Riley: Why is Governor Raimondo Misleading Bond Investors?
Tuesday, August 18, 2015
The City of Providence is bound to accurately portray the financial condition of Providence. They have an affirmative obligation of continuing disclosure regarding any material facts impacting a fair analysis of the financial condition of the city and any risks investing in the debt of the city, They also have a legal and moral obligation to tell the truth to city employees, retirees and beneficiaries of the pension plan because the city is the acting fiduciary of the pension plan.
That last sentence brings us to a big question. The City has publicly admitted last Friday that they have regularly borrowed from the pension plan at a rate of 8.25% to 8.5% when short term borrowing rates were and are closer to 1%.
So, since when can Providence, or any city, borrow from its pension plan? Much less, do it for 15 consecutive 16 month periods over 20 years without ever paying the “loan” back on time or disclosing this severe cash flow issue to municipal bond investors? How does this fact escape either Auditor General Almonte or Dennis Hoyle? How could the head of municipal finance, Susan Greschner not discuss or disclose it?
Providence officials proffered the laughable story that it is recent efficiency in taxpayer payments that allowed for a quicker pay down. When really it is more spin and more evidence of the city actually admitting to horrible financial planning that has destroyed Providence over the last decade.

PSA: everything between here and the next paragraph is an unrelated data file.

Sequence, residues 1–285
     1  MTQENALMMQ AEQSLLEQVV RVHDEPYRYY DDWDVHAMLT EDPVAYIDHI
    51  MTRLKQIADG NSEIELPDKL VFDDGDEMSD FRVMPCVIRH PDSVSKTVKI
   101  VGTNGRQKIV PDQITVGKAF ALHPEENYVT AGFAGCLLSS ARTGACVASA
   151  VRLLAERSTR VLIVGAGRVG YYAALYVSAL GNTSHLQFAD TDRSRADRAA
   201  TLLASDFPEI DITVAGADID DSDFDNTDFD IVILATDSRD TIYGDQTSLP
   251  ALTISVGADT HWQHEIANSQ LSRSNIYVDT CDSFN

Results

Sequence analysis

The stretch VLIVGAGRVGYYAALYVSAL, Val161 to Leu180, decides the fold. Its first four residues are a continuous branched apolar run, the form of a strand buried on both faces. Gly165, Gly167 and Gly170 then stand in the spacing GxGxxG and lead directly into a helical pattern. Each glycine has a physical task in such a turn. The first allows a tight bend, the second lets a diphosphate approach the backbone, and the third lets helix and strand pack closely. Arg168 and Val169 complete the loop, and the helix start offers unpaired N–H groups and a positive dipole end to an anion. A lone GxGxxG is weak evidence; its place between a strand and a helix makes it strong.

Did Gina Raimondo withhold disclosure?
What about former Treasurer and current Governor Gina Raimondo? Has she failed to disclose to the municipal bond market information that is critical to decision makers for investing in Rhode Island issued securities? Sadly the answer is a resounding YES. Ms. Raimondo has known for years that Providence is essentially bankrupt and she definitely knew Providence was regularly “borrowing” from its pension fund at 8.5% when Tax anticipation notes were yielding 1%. That is outrageous given Raimondo’s efforts to unilaterally reign in the cost of pension plans by altering pension benefits. Now she stands idly by as Providence violates federal Securities Laws and as the capital City self-destructs by borrowing $50 million a year at 8.5 % while short term rates cost 1%. They also stole $63 million from the pension plan that covered fire, police and municipal employees. What was her role as Treasurer? How about now as Governor? Should she be purposely withholding from municipal investors critical knowledge of the REAL financial condition of Providence and consequently the State of Providence? Did she intervene to correct millions in waste?
Internal Auditor Matthew Clarkin
A conversation last week with Mathew Clarkin revealed the following comment, when Clarkin was asked: “Was the non-payment/default that just took place June 30,2015 disclosed to the municipal markets or the SEC? Was this disclosed to the Auditor or to the Auditor General?”
Internal Auditor Clarkin replied: “For many years the city has unfortunately been in a financial position where its cash position hasn't allowed for the pension contribution to be made by June 30. The interest charged to the city for the period past June 30 is 8.25%. As for the disclosure of this situation, the city's actuary, outside auditor and the state have long been aware of this situation. “